* One of the most interesting things about pentatonic melodies is how they are harmonized, and what chords you put behind them.  The II note, Re, may be harmonized as the fifth of a V chord, the root of a II minor chord, the II of a I chord, or the VI of a IV chord.  All of these harmonizations of the II note can be found in this music.

Dick Burnett and Leonard Rutherford's version of "Willie Moore" on "Volume One, Ballads", is an example of a beautiful pentatonic melody that hangs a lot on melody notes that are not the root, third or fifth of the underlying chord, which in this instance is a I chord, since the duo play the song as a one-chorder.  The melody of the song and how it sits relative to the lyrics are as follows:
   I    I      II     II   III     V      V     III     III  II      I     III    II    II  III    V     V     II            I    II
   Willie|Moore was a   | king, his  | age, twenty-| one, he  |courted a   | damsel | fair    |     Oh her |
      III     II     I       I      VI VI      V    V     V   VI       I       III    II III II     I      V    VI      V 
   | eyes were as | bright as the| diamonds of the |  night, and | wavy    |black was her | Hair

The melody in the first line works its way up to V and back down to II.  The downbeat of the form coincides with the word "Moore" so the melody lands strongly on the II note.  In the second line of the melody, beginning with "bright", the melody descends down to V from I, emphasizing VI on the way down and the way back up, and after ascending to III, works its way back down to V for the end of the verse.  So the song has a range from V below Do to V above Do and never resolves back to Do.  It makes for a very distinctive sound, and the melody sure sticks in your head.

Another notable pentatonic melody from the Anthology is Floyd Ming and his Pep-Steppers' "Indian War Whoop", from "Volume II, Social Music".  Ming had a Mississippi string band, and they had a really wild sound.  The song has a very trancey feel and sound.  It's opening section, which is the most memorable part of the tune and a sort of refrain works as follows.   It is in 5, which makes it odd to begin with.  I wish I could do rhythmic notation, but I'll put a count above each measure.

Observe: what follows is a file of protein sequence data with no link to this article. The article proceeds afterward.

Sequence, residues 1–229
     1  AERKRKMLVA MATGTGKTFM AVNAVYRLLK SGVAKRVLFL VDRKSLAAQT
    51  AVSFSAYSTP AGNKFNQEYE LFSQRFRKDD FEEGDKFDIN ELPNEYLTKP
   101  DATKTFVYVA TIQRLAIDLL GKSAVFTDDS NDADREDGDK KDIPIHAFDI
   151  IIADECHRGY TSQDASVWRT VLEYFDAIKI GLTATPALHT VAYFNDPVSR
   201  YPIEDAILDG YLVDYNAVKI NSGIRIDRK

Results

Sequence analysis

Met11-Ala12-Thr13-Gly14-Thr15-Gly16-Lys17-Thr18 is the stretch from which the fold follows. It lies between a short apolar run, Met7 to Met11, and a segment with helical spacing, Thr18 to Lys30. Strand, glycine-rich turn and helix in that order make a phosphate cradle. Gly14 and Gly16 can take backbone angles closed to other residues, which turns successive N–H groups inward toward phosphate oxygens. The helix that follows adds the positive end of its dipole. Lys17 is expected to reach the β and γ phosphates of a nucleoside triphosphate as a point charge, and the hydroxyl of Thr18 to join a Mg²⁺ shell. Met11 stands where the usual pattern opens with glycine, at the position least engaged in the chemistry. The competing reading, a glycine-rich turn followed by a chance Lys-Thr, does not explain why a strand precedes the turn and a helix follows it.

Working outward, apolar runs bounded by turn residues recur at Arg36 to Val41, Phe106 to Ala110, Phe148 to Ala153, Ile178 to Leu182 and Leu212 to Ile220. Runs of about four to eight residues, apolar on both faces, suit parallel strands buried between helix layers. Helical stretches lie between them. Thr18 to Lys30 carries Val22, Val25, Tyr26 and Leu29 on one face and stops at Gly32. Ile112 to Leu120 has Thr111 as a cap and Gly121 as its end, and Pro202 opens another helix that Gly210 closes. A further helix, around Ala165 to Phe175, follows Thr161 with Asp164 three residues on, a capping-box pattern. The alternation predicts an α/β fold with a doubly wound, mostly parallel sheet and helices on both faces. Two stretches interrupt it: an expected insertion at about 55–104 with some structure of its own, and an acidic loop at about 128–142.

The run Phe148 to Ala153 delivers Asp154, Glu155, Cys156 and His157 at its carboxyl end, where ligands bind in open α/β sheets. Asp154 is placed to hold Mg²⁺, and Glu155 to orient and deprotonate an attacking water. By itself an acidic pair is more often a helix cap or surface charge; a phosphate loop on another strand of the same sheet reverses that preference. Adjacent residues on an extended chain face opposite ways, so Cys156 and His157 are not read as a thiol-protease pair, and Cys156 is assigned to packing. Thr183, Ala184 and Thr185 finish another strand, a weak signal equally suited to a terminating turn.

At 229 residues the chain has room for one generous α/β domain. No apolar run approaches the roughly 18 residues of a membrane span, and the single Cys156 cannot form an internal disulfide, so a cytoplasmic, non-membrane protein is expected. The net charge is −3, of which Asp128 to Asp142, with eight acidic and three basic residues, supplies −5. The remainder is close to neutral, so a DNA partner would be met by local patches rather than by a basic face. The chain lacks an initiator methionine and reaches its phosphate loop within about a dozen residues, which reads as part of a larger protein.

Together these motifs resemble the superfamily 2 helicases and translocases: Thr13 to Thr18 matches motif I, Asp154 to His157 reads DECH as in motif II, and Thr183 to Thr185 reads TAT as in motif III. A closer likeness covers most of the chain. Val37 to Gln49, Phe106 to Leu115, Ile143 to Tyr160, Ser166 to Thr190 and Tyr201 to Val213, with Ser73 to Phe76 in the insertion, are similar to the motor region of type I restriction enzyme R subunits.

1  +  2  +-a  3 + 4  5     1 + 2  +--a 3  4   5
   | II  II  II III-II I  V VI----| II II II III-II I  V-----|

This is all harmonized with the I chord whanging away behind the melody, and like the melody to "Willie Moore", it very strongly emphasizes and lands on the II and VI notes.  If you don't have the Anthology and have never heard it, you might have seen it performed in the Coen Bros. movie, "Brother, Where Art Thou?", in which it is performed near the end when the mob has tarred and feathered the gubernatorial candidate and is marching down the town's main street with John Hartford and David Holt playing the tune.
If you want to hear how these tunes sound, you can just plug the scale degrees into the notes of a C scale and try them out.  There are plenty of other tunes and songs in the Anthology that employ a pentatonic scale (Henry Thomas' "Old Country Stomp" and "Fishing Blues" among them), but "Willie Moore" and "Indian War Whoop" seemed like especially interesting ones.

Here is Burnett & Rutherford's performance of "Willie Moore":





















Here is "Indian War Whoop":


All best,
Johnm     
« Last Edit: December 23, 2011, 03:24:33 PM by Johnm »

Offline misterjones

  • Member
  • Posts: 232
Re: Harry Smith's Anthology of American Folk Music
« Reply #24 on: December 20, 2011, 07:42:22 AM »
There is also a volume 4 released by Revenant:



http://en.wikipedia.org/wiki/Harry_Smith%27s_Anthology_of_American_Folk_Music,_Vol._4

There's also a set called "The Other Anthology of American Folk Music", which was inspired by the official Harry Smith collection.  It is surprisingly good and not too hard to find (for free) on the internet.

Offline Stuart

  • Member
  • Posts: 2694
  • "The Voice of Almiqui"
Re: Harry Smith's Anthology of American Folk Music
« Reply #25 on: December 20, 2011, 08:12:58 AM »

There's also a set called "The Other Anthology of American Folk Music", which was inspired by the official Harry Smith collection.  It is surprisingly good and not too hard to find (for free) on the internet.

http://woodenmouth.blogspot.com/2010/02/va-other-anthology-of-american-folk.html

And once again:

http://oldweirdamerica.wordpress.com/

http://theanthologyofamericanfolkmusic.blogspot.com/

Offline Johnm

  • Global Moderator
  • Member
  • Posts: 11059
    • johnmillerguitar.com